At the same European Council meeting Tsipras capitulated in principle to all the demands the Europeans and the IMF made of him. Reversing what he promised at the time of his election, he agreed to an extension of austerity in return for more bailout money.
He has since found, in the classic scenario of someone being blackmailed, that his concessions were not enough, and have simply led to the blackmailer raising his demands.
The result is that not surprisingly Tsipras now looks like someone who has cut deals with the Russians he is not going to be able to honour (see A New Problem for Athens: How to ‘Unpivot’ From Russia After Capitulating to the EU, Russia Insider, 24th June 2015).
The Russians had almost certainly figured that out for themselves before Tsipras went to St. Petersburg, which is why the deal they offered Tsipras in St. Petersburg was less generous than the one they offered him in April.
This is poor diplomacy by any standard.
If Tsipras’s policy is to play the Russians and the Europeans off against each other, then it is a bad policy.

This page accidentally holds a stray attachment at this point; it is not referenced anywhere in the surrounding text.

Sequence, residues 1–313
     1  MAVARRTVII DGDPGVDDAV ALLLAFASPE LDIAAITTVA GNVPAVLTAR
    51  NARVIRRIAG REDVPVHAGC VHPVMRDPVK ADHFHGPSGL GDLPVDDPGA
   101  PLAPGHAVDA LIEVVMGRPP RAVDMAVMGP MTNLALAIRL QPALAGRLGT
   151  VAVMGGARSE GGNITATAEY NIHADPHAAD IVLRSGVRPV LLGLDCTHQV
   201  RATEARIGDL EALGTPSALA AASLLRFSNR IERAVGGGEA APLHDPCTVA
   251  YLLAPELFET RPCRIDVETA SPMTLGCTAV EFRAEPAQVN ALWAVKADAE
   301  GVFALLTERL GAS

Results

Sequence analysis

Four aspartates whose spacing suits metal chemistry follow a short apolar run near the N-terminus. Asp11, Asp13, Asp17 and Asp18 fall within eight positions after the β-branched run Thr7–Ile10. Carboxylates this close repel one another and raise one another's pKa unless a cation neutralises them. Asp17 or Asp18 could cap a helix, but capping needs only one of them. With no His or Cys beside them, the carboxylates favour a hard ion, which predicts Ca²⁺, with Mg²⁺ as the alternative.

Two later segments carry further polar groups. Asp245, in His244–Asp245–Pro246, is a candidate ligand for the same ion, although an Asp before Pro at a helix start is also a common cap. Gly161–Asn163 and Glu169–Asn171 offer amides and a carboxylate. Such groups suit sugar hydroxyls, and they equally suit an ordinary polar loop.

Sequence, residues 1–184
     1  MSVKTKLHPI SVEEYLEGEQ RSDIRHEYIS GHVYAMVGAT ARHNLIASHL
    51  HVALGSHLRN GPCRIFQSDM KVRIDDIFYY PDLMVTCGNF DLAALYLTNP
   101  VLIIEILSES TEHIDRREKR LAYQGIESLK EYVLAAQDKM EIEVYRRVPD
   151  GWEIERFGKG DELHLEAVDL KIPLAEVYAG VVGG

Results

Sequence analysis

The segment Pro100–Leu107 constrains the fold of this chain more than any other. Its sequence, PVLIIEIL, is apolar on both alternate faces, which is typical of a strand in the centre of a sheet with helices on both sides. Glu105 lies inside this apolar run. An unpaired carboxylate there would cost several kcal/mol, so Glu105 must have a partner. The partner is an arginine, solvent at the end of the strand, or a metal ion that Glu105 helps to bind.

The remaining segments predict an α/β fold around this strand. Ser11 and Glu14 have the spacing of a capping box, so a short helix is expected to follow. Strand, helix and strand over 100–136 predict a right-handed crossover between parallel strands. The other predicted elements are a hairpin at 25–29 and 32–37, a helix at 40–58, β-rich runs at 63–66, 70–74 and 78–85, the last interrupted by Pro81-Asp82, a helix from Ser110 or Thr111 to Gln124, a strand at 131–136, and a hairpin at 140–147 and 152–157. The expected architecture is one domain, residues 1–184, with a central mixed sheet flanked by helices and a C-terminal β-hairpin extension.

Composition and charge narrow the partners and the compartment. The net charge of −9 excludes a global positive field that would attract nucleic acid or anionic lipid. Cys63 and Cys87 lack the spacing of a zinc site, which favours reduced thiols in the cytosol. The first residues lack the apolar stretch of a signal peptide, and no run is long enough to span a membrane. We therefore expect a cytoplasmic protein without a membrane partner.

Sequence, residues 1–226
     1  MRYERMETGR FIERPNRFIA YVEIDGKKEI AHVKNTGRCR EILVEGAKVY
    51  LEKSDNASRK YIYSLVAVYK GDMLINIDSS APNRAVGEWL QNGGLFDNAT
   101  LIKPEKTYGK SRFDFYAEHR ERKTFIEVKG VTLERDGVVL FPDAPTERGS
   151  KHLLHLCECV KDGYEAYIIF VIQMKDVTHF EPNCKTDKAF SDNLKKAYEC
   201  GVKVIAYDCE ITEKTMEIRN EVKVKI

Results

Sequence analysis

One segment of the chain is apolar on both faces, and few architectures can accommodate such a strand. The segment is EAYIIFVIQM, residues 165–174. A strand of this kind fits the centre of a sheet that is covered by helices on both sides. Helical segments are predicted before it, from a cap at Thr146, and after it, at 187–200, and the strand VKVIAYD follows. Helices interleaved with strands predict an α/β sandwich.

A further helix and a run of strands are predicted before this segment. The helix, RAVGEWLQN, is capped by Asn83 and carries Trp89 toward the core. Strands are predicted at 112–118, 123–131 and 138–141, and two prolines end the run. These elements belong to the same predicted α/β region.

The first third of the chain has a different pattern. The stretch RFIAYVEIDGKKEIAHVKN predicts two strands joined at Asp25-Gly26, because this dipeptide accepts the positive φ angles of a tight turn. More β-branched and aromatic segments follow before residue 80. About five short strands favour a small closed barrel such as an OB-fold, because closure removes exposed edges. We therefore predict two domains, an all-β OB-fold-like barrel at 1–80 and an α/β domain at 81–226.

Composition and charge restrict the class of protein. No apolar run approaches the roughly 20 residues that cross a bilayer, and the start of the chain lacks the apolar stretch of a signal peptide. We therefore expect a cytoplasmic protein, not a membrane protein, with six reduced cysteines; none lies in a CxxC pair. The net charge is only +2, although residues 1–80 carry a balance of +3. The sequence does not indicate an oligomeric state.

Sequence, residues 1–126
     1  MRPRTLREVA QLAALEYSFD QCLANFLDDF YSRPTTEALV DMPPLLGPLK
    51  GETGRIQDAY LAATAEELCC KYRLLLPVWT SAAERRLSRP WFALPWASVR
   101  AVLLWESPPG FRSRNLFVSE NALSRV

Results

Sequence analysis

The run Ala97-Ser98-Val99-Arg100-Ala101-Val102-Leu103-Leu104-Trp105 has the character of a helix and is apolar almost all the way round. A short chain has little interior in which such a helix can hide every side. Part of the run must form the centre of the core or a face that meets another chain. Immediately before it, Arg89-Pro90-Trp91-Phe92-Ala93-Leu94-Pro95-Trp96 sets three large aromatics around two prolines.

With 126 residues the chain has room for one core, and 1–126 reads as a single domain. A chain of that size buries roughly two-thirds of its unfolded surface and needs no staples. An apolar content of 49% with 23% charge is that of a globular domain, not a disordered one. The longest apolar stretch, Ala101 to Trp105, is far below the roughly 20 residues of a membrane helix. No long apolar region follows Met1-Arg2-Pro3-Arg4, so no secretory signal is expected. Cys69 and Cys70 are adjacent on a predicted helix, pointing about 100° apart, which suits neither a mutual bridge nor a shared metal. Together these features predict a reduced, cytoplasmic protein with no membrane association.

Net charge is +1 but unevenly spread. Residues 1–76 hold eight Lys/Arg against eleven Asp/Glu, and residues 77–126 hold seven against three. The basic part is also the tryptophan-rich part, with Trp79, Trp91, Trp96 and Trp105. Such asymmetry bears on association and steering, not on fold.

It has not panicked the Europeans into making concessions. It has made them angry, causing them to increase their demands even more.
As for the Russians, they must be getting increasingly fed up with someone who repeatedly takes them to the Church door – and then at the last moment runs away.
If Tsipras was not prepared to see through his moves to Moscow, then he should not have made them.
He would have been better off in that case going to Washington instead of Moscow. There is also much sympathy for Greece in Washington, and the US, unlike Russia, can put actual pressure on the IMF and EU to cut Greece some slack.
Instead, by making moves to Moscow that he repeatedly fails to see through, Tsipras has lost possible friends in Europe and the US, whilst putting Greece’s traditionally friendly relations with Russia in jeopardy.
Anyone who knows Russia knows the friendly feelings Russians have for Greece.
If a Grexit happens – which is very possible despite Tsipras’s latest concessions – Greece will need Russia’s help (see again Grexit Looks Inevitable. But Greece Will Need Moscow’s Help, Russia Insider, 27th April 2015).
Hopefully what looks like a frankly manipulative policy will not have soured Russian attitudes by then.
The statements, views and opinions expressed in this column are solely those of the author and do not necessarily represent those of The Duran.